Thessaloniki and the broader region offer cruise visitors unique and unforgettable cultural, historical, archaeological and gastronomic experiences
When the Covid-19 pandemic emerged in early 2020, it wreaked havoc on the global cruise industry, forcing brands to cancel all operations, spend weeks repatriating both guests and crew members from stricken ships, and rapidly rethink health and safety protocols. For almost a year, cruise brands battled against ever-changing restrictions at a local, national and international level to gain approval to safely resume operations.
Now, more than two years on from the start of the pandemic, the global industry is largely back up and running. We asked selected ports to tell us share their forecasts for the seasons ahead now that they are able to welcome cruise traffic again.
JAXPORT, Florida, USA
Cruising from Jacksonville, Florida, provides a seamless experience for travellers looking to get away to the Caribbean or Mexico. The port’s location ensures efficient sailing times – it takes less than 20 hours to sail from Jacksonville to Nassau, The Bahamas, and little more than 36 hours to travel from Jacksonville to
More than 98 million US residents live within a day’s drive of JAXPORT and travellers can easily connect to the cruise terminal via major roadways I-95-, I-75, and I-10. There are also dozens of daily flights to Jacksonville International Airport.
A tourism study reported that 60 per cent of travellers cruising from JAXPORT cited easy access to the port as the primary reason for sailing from Jacksonville.
Cruise Liverpool, UK
With more than 100 cruise calls booked for 2022, Liverpool has demonstrated a strong return post-Covid. Future bookings and tourism numbers are on the rise and the city will welcome its one-millionth international visitor by the end of the 2022 season.
Owned and operated by Liverpool City Council, Cruise Liverpool manages alongside berthing for ships right in the heart of the city, just footsteps from its iconic waterfront. The organisation actively promotes Liverpool as a world-class cruise destination while working closely with partners to drive economic impact through cross-sector spend. It expects to generate more than £30 million for the regional economy in the next two years.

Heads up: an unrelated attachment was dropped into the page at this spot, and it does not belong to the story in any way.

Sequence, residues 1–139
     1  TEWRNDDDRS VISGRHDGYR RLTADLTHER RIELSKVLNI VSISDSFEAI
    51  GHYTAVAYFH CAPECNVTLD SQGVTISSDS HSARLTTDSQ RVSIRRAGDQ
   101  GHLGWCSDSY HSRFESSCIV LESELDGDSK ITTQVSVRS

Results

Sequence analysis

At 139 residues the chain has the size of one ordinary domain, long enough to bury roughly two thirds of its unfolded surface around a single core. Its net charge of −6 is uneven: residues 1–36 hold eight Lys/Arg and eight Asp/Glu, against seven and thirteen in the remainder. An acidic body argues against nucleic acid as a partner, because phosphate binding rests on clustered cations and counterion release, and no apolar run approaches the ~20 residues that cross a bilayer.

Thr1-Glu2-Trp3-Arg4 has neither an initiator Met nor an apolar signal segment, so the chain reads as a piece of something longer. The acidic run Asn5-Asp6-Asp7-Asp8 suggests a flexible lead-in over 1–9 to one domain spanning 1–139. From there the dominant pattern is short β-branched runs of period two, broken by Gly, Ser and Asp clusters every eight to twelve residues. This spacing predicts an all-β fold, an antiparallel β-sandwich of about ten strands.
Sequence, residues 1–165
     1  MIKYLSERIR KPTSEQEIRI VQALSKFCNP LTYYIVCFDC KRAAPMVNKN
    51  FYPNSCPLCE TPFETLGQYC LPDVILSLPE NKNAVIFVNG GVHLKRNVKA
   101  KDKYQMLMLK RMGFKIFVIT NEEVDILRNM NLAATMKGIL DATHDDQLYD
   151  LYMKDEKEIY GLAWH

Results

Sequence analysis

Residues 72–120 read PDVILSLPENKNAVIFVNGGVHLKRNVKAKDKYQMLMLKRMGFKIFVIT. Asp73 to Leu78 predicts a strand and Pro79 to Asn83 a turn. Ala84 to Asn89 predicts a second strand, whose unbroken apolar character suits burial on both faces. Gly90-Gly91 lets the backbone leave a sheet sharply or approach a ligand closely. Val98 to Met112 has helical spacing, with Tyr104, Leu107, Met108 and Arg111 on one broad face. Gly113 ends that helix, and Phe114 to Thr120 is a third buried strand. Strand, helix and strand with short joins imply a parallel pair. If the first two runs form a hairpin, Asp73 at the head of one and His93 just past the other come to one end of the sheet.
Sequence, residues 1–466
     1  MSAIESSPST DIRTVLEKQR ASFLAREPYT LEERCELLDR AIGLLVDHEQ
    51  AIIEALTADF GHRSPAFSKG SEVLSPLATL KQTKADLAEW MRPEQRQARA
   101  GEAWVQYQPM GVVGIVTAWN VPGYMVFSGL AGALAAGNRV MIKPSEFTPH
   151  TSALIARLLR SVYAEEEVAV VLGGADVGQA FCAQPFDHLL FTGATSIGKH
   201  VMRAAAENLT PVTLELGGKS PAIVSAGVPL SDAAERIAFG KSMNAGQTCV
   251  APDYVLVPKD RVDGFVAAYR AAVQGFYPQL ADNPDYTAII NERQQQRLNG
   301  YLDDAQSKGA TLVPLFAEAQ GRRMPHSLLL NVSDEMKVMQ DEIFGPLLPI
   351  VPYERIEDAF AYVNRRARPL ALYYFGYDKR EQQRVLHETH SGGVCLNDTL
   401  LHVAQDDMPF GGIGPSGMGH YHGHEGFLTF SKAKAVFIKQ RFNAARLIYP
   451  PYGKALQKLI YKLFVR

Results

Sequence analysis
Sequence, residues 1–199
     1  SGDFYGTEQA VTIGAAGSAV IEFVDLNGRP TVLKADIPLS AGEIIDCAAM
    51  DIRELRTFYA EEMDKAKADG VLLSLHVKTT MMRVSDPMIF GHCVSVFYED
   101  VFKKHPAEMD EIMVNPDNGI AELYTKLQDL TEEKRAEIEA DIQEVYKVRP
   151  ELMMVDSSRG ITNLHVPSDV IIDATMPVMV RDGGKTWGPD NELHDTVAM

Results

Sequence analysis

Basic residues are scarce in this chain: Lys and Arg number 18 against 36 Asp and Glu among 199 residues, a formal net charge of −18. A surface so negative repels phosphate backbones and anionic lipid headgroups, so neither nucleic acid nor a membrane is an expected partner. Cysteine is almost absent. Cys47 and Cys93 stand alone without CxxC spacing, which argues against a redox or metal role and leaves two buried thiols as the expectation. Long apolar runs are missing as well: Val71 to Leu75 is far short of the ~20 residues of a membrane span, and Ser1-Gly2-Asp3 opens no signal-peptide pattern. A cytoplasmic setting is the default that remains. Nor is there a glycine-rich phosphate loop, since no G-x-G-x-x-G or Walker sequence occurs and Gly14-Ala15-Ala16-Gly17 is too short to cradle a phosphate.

Whilst sustainable tourism, social value, job creation and community pride remain high on the agenda, the team in Liverpool has its sights set firmly on the future as it continues to drive innovation and resilience through every aspect of the business.
Scrabster Harbour, Scotland
Scrabster Harbour has opened a new cruise berth, reflecting the port authority’s confidence in the future of the cruise industry. Constructed during the peak of the Covid-19 pandemic but delivered on time and below budget, the £19 million ($21.5 million), 250-metre berth has a water depth of nine metres and is already benefiting the port and surrounding area. It has hosted the largest-ever cruise vessel to call at Scrabster and the port has secured record bookings for 2023.
Scrabster’s strategic location on the north coast of the Scottish mainland makes it an ideal port of call for many itineraries, particularly as it offers short transit times to and from many other cruise ports. It is ideally positioned to serve the continued growth in the small to medium market, and those passengers seeking a more intimate atmosphere.
Port of Thessaloniki, Greece
Thessaloniki is a modern European and multicultural city at the centre of Northern Greece, which makes it the main gateway for the Balkans and the broader Southeast, Central and Eastern European region. Today more than ever, Thessaloniki and the broader region offer cruise visitors unique and unforgettable cultural, historical, archeological and gastronomic experiences. In fact, there are more than 15 Unesco World Heritage sites and over 30 museums within walking distance from the port.
The destination is experiencing spectacular growth in the cruise sector and the port has already secured 79 calls for 2023. More than half of these are homeporting calls, as leading companies in the cruise industry have included Thessaloniki in their itineraries.
Zadar Cruise Port, Croatia
Soon after opening in April 2019, the new Zadar Cruise Port welcomed record numbers of cruise ship calls and passengers. Despite further growth being abruptly disrupted by the pandemic at this crucial stage of development, the port’s post-Covid recovery has been remarkable, with cruise ship calls in 2022 equalling those achieved in 2019.
The port and the terminal have established a reputation for being safe and secure, and for offering the highest level of service excellence and health protocols. In future, the port will invest in achieving ISO certifications and strong marketing activities, which should help it to support the forecasted growth of cruise ships calls and passenger volumes.
This article was first published in the 2023 issue of Cruise & Ferry Itinerary Planning. All information was correct at the time of printing, but may since have changed. Subscribe to Cruise & Ferry Itinerary Planning for FREE here to get the next issue delivered directly to your inbox or your door.